It pained David Braaten to no end to watch his elderly parents struggle to get out of a wheelchair.
Equally troubling was seeing how physically challenging it was for nursing home aides -- often petite young women -- who used straps or belts and risked back injury to themselves to help people move from a wheelchair to a standing position.
Now, several years after his parents passed away, Braaten has won several top awards at the Minnesota Inventors Congress for a simple, yet clever devise that gives individuals a boost out of a wheelchair.
He calls it "The Helper."
"It'll lift them out of the chair without the straps," said Braaten.
At the invention expo, held earlier this month in Redwood Falls, Braaten was one of four gold medal winners at the two-day event.
His device was also named the best health care or medical invention and earned the second-place award from the Minnesota AgrAbility Project.
When he heard his name announced as a gold medal winner he was shocked, he said.
When he accepted the award and was told he had to make a short speech in front of the crowd that shock "turned into immediate fear," said Braaten with a soft chuckle.
This was the first time Braaten entered the competition. The only other time he'd even been at the Inventors Congress was 30 years ago as a spectator.
Braaten, who owns and operates Mr. B's Auto from his rural Sunburg farm home, repairs and sells vehicles. After thinking about the trouble his folks had with wheelchairs he went to his shop on a Sunday afternoon last summer and "bent some iron and drilled some holes" and attached the mechanism to an old wheelchair someone had given him.
"It's pretty simple. There's not much to it," he said.
He'd initially thought of plans involving motors and batteries but his nephew, an engineer, advised him to keep it simple.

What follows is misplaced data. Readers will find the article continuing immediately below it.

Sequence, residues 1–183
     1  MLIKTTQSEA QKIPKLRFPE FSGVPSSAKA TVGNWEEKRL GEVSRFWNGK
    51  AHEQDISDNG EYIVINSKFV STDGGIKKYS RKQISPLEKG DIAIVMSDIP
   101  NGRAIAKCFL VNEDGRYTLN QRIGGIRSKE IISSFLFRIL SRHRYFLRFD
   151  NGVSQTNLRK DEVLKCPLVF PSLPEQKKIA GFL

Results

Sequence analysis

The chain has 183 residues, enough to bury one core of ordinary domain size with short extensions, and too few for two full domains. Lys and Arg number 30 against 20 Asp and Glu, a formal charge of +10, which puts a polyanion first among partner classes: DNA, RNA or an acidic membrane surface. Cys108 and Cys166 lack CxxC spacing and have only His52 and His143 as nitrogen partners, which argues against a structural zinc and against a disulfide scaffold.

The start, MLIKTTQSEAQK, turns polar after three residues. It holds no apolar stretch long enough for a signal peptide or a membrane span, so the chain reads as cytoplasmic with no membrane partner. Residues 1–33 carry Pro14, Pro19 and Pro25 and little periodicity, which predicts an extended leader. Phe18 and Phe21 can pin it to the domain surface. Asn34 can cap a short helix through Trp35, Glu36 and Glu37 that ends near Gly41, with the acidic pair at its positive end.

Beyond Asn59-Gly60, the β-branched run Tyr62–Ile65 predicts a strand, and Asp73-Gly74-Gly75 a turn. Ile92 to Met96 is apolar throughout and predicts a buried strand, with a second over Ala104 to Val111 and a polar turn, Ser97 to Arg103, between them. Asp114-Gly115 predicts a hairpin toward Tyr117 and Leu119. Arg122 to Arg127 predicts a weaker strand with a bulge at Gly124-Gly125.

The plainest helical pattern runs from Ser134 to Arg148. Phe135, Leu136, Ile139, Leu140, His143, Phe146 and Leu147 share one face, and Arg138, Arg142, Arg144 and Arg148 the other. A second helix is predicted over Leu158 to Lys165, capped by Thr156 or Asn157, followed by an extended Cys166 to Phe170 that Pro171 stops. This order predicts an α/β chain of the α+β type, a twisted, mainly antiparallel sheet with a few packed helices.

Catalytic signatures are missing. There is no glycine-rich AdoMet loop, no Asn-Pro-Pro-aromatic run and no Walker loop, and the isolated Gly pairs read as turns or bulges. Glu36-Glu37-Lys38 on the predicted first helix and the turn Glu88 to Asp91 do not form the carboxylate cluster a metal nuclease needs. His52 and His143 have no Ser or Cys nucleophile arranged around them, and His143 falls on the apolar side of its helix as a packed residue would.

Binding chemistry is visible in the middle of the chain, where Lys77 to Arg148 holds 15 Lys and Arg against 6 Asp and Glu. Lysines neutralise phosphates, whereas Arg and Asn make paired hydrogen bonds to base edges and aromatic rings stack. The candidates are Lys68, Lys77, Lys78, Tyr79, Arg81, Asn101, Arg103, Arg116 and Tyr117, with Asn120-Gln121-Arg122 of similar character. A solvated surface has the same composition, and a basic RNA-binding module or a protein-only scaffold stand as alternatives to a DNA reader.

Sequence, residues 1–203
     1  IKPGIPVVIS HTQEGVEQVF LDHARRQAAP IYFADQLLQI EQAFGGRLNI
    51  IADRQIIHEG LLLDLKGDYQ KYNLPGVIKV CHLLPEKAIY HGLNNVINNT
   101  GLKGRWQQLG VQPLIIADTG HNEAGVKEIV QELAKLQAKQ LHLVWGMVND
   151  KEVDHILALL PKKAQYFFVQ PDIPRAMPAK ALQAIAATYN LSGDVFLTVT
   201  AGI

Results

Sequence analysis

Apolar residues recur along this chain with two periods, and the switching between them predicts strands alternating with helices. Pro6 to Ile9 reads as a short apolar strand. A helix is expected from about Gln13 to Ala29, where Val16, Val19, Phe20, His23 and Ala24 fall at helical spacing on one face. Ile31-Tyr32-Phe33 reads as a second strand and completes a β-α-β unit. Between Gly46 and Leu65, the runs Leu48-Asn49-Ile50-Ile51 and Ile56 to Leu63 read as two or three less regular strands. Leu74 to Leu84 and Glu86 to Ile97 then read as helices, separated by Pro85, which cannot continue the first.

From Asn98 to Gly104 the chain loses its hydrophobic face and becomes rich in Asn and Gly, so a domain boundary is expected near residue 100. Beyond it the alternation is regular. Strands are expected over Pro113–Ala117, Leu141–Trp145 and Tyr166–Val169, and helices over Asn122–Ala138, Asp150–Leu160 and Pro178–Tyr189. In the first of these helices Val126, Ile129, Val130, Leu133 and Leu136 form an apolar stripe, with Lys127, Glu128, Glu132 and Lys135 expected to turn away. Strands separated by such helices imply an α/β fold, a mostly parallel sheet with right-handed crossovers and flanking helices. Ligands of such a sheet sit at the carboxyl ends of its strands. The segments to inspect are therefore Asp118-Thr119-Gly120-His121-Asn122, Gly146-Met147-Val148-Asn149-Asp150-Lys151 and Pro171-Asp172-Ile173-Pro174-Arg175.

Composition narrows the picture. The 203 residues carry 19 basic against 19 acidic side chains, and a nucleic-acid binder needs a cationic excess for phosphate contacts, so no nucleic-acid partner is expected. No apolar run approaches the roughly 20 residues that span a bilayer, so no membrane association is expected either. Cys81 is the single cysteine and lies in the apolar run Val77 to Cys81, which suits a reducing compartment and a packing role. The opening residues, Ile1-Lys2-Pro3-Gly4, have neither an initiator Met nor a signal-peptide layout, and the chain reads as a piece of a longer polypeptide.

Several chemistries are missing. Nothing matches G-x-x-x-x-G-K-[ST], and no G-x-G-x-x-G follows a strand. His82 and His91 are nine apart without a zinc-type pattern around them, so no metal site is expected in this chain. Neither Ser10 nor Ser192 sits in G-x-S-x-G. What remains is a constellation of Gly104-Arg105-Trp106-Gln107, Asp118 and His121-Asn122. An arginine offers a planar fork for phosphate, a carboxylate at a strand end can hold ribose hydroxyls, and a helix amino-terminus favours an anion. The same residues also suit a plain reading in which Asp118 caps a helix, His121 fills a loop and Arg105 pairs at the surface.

"This is about as simple as it gets," said Braaten, showing how a lever that's pushed down at the top of the wheelchair lifts and tilts a secondary seat cover up several inches. That boost is enough to help people stand up.
"It really does serve a purpose," he said. "What's really amazing is that no one's done it before."
He knows his invention is a little rough around the edges.
"It isn't pretty," he said.
When he saw how polished some of the entries were on the invention and ideas show floor at the 53rd annual Inventors Congress he almost backed out without taking his invention in.
But believing that his idea could actually be used to help people, Braaten entered the competition and came out a winner.
He already has several ideas for improving the plan, like using stainless steel instead of iron, making the lift foot-powered rather than hand-powered, adjusting the pivot to give the seat a better tilt and adjusting the handle so it folds for storage like a wheelchair.
Buoyed by the win, he's initiated a patent search and is hoping his prototype will be noticed by someone who can make the necessary changes to get it on the medical market "so somebody can use it."
His only regret is that he didn't come up with the plan until after his parents had died. "We weren't in time to help them with the chair," he said. But he hopes it will someday be used to help other patients and caregivers.